Join the ranks: Are you a CEO, entrepreneur or someone in the cannabis industry who's making an impact? We'd like to hear your story!

What book have you read that you’ve been inspired by? Any particular read we should put on our list?

Oh, I have a book that is not something you should just put on your list, but is REQUIRED reading for anyone who is interested in or consumes cannabis or Industrial Hemp goods and food. Go grab it off the bookshelf, it’s called The Emperor Wears No Clothes and is by the legendary founders of the industry, Jack Herer and Chris Conrad. It is the story of prohibition accompanied by copies of all the historical documents that Jack and Chris dug out of the National Archive. They are the ones who exposed everything that we currently know about cannabis and hemp to the public and really inspired the beginning of the movement that we now know today as the Green Rush!

What’s the best advice you’ve ever gotten?

“Let your spirit guide you!” and “Floss daily.”

How would you advise someone who wants to join the industry?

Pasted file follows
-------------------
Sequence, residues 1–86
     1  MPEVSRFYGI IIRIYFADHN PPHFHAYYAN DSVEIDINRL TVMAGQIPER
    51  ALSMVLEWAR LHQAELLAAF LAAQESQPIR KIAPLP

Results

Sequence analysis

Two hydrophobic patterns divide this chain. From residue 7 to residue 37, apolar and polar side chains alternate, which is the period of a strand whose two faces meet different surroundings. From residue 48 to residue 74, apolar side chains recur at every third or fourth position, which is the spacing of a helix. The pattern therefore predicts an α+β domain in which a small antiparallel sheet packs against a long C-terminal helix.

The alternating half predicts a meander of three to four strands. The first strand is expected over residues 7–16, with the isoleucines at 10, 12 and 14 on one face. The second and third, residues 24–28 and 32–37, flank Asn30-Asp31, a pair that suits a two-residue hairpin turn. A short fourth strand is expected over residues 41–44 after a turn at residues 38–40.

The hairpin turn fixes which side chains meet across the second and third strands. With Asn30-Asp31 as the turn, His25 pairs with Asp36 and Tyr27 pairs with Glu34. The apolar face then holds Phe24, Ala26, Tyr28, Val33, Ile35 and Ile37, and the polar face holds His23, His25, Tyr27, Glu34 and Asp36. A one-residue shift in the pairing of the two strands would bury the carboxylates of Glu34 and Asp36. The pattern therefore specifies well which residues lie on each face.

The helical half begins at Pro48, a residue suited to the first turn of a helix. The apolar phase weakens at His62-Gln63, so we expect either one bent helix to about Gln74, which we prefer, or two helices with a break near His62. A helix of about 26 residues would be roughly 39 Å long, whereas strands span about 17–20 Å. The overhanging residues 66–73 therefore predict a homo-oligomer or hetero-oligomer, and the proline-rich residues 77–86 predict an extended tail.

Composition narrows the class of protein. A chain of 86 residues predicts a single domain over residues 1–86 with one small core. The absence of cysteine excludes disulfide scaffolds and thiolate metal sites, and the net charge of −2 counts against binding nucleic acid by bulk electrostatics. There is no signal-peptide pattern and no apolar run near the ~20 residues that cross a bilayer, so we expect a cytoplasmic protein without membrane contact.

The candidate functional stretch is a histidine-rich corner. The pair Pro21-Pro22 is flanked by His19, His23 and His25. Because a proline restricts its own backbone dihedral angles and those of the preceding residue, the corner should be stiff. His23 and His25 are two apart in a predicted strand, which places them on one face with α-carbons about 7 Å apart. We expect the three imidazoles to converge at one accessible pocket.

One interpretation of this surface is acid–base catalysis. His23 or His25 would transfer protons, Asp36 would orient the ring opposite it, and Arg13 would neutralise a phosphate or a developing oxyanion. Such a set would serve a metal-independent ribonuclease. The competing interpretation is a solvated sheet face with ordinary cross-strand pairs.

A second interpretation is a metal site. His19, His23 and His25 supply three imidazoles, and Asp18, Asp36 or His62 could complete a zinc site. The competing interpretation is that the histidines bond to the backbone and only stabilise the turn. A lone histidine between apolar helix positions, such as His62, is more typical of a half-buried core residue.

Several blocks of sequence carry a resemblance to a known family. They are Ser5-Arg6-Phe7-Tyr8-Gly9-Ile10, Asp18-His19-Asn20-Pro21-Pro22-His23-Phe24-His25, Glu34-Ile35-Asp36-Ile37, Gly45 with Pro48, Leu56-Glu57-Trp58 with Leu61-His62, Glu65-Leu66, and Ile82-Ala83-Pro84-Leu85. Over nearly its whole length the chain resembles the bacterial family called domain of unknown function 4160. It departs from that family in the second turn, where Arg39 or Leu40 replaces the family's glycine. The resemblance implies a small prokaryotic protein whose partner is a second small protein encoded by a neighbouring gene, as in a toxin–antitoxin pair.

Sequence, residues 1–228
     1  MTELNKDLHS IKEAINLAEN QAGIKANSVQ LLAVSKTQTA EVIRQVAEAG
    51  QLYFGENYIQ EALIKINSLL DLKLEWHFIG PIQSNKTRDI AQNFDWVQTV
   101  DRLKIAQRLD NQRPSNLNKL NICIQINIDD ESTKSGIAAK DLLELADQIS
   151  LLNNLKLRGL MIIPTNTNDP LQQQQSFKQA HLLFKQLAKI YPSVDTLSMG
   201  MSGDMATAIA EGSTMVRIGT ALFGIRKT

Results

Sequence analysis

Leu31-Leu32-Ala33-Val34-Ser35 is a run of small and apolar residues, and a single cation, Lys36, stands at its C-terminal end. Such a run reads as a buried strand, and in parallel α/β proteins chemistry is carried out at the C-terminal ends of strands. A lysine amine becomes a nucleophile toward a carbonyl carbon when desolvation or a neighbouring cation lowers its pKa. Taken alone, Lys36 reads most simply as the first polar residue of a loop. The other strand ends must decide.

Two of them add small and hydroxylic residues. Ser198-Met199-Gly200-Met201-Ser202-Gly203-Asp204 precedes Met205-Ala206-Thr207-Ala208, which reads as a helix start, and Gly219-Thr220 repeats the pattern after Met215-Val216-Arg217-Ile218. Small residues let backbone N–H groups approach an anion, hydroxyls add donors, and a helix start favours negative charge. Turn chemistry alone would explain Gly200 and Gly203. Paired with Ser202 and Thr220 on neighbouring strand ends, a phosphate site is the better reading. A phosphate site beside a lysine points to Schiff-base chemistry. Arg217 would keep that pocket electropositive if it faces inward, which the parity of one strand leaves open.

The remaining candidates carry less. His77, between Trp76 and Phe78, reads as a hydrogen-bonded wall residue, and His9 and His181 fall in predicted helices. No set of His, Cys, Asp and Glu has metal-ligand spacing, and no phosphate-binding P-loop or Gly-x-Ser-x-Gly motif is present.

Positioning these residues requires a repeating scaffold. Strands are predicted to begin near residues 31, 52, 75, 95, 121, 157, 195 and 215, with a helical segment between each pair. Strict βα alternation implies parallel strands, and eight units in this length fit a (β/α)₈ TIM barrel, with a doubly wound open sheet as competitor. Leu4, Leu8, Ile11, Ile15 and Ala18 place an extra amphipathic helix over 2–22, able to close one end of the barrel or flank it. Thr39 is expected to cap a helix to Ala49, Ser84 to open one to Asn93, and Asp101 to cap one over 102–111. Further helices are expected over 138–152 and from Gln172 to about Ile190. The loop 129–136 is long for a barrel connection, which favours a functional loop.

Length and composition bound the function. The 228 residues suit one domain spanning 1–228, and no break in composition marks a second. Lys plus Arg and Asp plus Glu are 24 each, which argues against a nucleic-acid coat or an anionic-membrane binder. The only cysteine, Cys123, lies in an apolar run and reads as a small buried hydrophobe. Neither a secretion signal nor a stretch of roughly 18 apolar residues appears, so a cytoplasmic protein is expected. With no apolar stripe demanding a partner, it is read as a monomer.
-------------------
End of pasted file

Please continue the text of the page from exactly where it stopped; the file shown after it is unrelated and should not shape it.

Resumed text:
My answer to this tails behind my urge for everyone to read The Emperor Wears No Clothes. My advice to people is: KNOWLEDGE IS POWER! There is nothing easy or simple about the cannabis plant other than the fact that it is safe and should not be illegal. Everything else requires education, but not just any education. Be wary of your sources. I advise you to take college courses in Industrial Hemp. The University of Oregon has a course online; you can take it in your pajamas if you wanted to. The University of Kentucky has a couple of great courses popping up in their curriculum. There are even courses in some universities addressing the pharmacology of the cannabis plant; whatever it is that you may choose, educate yourself. Knowledge is power, take college courses!